Melissa Moran and her dog both were found dead on the couple's back porch in March 2014.

PANAMA CITY — Maintaining his innocence in a letter eulogizing his wife, Philip Jude Moran wept in court before being sentenced Tuesday to life in prison for her murder.

Moran, 52, appeared in court to be sentenced in the case. He has been in custody since March 2014 when authorities arrived at he and Melissa Moran's Southport home to find his 50-year-old wife dead from a gunshot wound to her head, on the back porch alongside the family’s slain dog. After a jury found Moran guilty in March of second-degree murder with a firearm, Circuit Judge Brantley Clark Jr. sentenced him Tuesday to life in prison.

In a letter to the court, Moran maintained his innocence in the case and did not issue an apology to the members of Melissa’s family who filled the pews of the courtroom. Moran began speaking about how the couple met in Panama City Beach in 1992 and moved in together after only about two weeks. At one point, he started sobbing as he discussed how they worked and traveled together in the years that followed, and his attorney, Lisa Anderson, took over reading his statement.

“We were blessed with plenty, we were blessed with each other and we wanted for nothing,” Anderson read. “Others were merely a distraction from the completeness we found in each other.”

Moran went on to describe his wife’s compassionate nature toward animals, saying they shared their home with stray dogs, cats and orphaned raccoons.

“I loved my wife dearly, and I miss her presence each day,” he said in the statement. “I maintain my innocence in her death.”

Melissa Moran’s family declined to comment after hearing the sentence. However, prosecutor Bob Sombathy relayed the message that they sought life in prison for the killing.

Sombathy’s theory in the case was that Philip Moran was frustrated with his wife’s pill use despite himself also abusing the medication. Sombathy then walked through the order of events that transpired after Melissa Moran was sitting in bed March 2014 when her husband leveled a hunting rifle at her temple and pulled the trigger.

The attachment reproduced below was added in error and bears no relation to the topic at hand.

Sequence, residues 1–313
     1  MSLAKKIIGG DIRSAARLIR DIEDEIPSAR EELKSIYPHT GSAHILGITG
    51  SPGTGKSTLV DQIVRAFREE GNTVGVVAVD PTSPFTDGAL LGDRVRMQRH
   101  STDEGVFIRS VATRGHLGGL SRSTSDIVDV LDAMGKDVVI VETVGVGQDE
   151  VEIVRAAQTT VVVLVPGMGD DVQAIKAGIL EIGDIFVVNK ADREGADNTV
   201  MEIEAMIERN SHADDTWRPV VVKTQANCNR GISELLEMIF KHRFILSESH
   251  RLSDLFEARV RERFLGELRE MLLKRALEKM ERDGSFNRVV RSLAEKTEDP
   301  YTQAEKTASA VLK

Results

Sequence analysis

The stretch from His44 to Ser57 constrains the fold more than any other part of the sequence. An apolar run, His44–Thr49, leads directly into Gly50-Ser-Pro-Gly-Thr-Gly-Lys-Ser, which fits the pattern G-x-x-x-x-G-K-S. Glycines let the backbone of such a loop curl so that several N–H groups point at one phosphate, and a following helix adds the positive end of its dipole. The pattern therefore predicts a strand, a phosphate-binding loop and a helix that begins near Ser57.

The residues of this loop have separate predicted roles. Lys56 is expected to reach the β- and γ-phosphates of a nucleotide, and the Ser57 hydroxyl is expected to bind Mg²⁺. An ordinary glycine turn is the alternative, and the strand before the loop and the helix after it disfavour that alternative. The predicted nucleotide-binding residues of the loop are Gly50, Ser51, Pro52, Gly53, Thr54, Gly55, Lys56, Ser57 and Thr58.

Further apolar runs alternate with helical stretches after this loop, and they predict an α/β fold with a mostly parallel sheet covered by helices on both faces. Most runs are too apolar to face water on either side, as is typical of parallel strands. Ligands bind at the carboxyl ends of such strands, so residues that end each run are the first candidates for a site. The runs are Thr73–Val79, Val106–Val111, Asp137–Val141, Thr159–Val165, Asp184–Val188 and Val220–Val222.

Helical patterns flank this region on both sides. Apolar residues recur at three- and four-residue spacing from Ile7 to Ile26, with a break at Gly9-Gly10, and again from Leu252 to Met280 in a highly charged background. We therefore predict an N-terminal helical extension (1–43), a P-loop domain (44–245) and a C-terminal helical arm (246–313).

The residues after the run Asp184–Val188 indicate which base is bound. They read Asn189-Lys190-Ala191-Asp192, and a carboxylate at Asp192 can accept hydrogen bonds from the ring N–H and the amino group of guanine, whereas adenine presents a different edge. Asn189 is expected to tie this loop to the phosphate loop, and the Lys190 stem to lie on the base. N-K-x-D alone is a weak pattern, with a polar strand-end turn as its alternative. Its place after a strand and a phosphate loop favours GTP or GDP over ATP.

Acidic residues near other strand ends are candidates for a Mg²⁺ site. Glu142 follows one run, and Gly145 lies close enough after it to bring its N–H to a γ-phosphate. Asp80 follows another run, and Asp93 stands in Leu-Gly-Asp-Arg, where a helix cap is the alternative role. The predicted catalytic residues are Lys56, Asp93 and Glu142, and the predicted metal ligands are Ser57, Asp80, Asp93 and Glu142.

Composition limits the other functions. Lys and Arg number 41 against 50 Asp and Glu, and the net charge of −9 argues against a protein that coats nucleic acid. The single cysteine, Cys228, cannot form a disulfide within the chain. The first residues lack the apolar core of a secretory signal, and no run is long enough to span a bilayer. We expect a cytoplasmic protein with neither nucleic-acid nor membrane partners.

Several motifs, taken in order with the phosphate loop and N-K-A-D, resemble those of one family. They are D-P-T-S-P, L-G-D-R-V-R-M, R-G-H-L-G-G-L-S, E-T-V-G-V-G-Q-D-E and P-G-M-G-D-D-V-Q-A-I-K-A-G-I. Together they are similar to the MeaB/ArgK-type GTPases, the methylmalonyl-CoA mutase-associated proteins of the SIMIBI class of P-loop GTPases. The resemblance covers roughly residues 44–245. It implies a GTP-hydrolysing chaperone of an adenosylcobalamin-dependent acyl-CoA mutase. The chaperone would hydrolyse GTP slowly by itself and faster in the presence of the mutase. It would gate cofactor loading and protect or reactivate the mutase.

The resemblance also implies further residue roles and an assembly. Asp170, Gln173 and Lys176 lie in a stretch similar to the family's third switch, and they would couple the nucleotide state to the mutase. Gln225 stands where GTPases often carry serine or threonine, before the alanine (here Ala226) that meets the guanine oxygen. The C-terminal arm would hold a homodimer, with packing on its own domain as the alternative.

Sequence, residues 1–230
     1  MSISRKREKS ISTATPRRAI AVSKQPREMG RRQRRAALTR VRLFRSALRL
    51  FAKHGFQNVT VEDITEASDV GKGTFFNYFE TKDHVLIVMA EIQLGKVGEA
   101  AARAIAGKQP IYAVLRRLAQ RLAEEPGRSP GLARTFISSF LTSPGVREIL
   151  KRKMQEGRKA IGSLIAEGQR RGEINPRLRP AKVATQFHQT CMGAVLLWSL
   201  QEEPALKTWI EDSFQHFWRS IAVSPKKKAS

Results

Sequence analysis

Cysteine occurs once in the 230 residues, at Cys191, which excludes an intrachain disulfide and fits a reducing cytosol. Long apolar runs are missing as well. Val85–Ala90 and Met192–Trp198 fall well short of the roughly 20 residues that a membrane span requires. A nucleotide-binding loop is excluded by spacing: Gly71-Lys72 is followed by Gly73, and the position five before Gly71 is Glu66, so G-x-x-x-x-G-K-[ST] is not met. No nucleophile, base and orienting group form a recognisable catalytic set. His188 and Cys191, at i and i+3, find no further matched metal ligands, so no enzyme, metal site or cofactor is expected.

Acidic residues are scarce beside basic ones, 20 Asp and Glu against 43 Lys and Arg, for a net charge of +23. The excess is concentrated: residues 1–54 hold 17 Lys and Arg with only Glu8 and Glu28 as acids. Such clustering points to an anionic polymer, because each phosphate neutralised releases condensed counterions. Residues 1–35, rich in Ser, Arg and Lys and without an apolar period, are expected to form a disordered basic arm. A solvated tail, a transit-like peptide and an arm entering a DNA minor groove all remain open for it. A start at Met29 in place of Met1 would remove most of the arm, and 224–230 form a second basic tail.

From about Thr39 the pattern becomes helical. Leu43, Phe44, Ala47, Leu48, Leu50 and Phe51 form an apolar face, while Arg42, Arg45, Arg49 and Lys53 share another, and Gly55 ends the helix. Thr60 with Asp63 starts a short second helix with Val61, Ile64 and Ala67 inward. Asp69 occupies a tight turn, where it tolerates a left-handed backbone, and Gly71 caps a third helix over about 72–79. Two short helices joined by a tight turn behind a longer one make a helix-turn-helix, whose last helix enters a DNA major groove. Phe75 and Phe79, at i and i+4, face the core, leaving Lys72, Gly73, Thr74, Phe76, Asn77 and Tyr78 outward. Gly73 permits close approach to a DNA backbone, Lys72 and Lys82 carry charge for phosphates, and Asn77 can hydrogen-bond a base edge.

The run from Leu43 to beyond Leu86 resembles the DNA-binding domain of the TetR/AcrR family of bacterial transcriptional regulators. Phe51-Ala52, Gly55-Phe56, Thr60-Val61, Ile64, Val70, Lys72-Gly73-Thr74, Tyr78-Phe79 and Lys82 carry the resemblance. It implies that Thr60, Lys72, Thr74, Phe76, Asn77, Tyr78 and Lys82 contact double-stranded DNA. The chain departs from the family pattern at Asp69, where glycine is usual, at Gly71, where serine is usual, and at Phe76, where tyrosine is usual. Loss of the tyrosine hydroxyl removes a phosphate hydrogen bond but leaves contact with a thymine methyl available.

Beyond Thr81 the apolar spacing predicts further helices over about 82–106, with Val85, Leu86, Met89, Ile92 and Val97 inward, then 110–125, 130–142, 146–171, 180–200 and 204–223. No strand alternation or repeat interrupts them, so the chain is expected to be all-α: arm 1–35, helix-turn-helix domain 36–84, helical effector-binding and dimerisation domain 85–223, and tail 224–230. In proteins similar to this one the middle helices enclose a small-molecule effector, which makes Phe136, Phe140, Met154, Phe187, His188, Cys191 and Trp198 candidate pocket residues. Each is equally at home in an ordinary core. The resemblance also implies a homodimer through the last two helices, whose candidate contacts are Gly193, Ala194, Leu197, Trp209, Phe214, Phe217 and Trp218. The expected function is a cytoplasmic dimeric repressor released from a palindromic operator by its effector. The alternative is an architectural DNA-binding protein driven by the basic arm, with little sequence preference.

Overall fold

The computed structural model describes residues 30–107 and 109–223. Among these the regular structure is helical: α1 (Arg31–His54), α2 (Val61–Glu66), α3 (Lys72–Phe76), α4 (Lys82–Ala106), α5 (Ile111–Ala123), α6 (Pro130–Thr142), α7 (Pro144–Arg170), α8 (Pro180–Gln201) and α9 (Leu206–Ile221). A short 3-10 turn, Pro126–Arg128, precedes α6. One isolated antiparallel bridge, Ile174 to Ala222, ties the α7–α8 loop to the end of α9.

A trail of blood through the house to the back porch led to where authorities would later find Melissa's body alongside that of her favorite stray dog, which had been stabbed 17 times. Sombathy showed jurors different evidence that indicated Philip Moran tried to cover up the crime, including bloody rags, blood-stained shoes in the trash and blood in the shower — all containing DNA belonging to his wife. At some point in the effort, though, Moran started to panic and began establishing an insanity defense, Sombathy said.

Anderson had attempted a two-pronged defense at trial. She argued on one level that authorities got the wrong guy, and that Moran was insane at the time somebody else killed his wife. Anderson referred to a video taken of Moran — snarling and cursing the CIA for killing his wife — at the time of his arrest and the accounts that law enforcement thought Moran’s behavior was odd but could not place it among their experience with drug users.

After his arrest, Moran was seen 178 times by four mental health professionals at the jail. He repeatedly smeared feces on himself and his cell, and officials told jurors he even once ate feces. Moran went on to spend a month in a mental health facility to be evaluated for competency by a different pool of mental health professionals.

However, not one diagnosed him with a psychotic mental illness or prescribed him anti-psychotic medication. Only the defense’s psychologist found that Moran suffered from “bipolar disorder mania with psychotic features.”

Despite being the only person inside the home at the time and admitting to the killing on several occasions, Moran maintained his innocence Tuesday and wanted his pre-sentence investigation to reflect that he was diagnosed with bipolar disorder by the defense’s psychologist. His attorney said they will be appealing the verdict and sentence.